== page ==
Career Research and Development

Career Research and Development (CRD) is a CTE program that prepares students with the academic, technical and workplace skills necessary to seek further education and employment in a career field of their interest upon graduating high school.  The overarching goals of CRD are to help students to:

  • Become aware of personal characteristics, interests, aptitudes and skills;

  • Develop an awareness of and respect for the diversity of the world of work;

  • Understand the relationship between school performance and future employment choices;

  • Develop a positive attitude toward work; and

  • Formulate a process for evaluating employability skill development and future education/training options.

The program consists of two in-school course(s), a portfolio development project, and a work-based learning (WBL) experience.  The first course, Career Research and Development, provides students with instruction on Maryland’s Career Development Model and includes self-awareness, career awareness and evaluation of career and academic choices through knowledge of the Maryland Career Clusters and Career Technology Education Programs of Study.  The second course, Career Development, Preparation, and Transition, continues the self-assessment and career awareness process, however, this course is more focused on career preparation and transition as students enter into a formal WBL experience ,as well as, plan for employment, education, and training beyond high school.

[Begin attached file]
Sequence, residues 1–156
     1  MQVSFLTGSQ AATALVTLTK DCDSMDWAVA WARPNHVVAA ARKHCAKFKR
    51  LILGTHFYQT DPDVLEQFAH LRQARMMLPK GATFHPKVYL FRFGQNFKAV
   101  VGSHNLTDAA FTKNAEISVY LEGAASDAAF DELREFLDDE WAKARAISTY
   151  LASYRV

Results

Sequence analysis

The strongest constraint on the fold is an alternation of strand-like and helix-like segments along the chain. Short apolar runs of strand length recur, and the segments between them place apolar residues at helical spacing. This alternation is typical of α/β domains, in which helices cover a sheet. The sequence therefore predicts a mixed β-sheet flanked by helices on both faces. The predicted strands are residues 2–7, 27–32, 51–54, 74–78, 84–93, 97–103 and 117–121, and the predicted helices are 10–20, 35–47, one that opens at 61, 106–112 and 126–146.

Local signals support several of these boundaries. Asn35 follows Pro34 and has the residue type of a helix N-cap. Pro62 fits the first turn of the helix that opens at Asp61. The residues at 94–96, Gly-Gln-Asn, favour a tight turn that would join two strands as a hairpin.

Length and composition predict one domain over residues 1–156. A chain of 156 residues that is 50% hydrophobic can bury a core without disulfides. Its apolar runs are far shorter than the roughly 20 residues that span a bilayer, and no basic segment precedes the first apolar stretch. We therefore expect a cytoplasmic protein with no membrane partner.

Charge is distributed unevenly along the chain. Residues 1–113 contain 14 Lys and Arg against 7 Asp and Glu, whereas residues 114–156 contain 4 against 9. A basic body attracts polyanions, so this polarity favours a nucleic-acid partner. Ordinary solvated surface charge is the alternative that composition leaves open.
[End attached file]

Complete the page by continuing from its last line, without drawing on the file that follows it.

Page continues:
The basis for being successful in the working world is to demonstrate, in a variety of ways, competency in the Skills for Success.  These skills include:

  1. Learning

  2. Critical thinking

  3. Communicating effectively

  4. Grasping constantly changing technologies, and

  5. Working effectively with others.

Students participating in the Career Research and Development (CRD) Program have the unique opportunity to practice these skills through a supervised work-based learning experience, the portfolio development process, and in-class instruction as they focus on continuously improving their skills to move beyond high school into employment and further education.

The workplace component is a mentored, on-the-job, work experience with a written, personalized, work-based learning plan and a formal agreement between the student, school and employer.  The goal of the WBL experience is to expose students to authentic employment opportunities that link to students’ career interests, LSS career clusters, and employment demand. Work-based learning placements will prepare students for employment that lead to a family-supporting wage.  Students develop and maintain a career portfolio throughout the program documenting progress related to their work plan.  The elements of the portfolio shall document academic, technical, employability and personal skill development.  The program culminates with students presenting their final portfolio documenting personal growth, achievements and learning experiences from their program.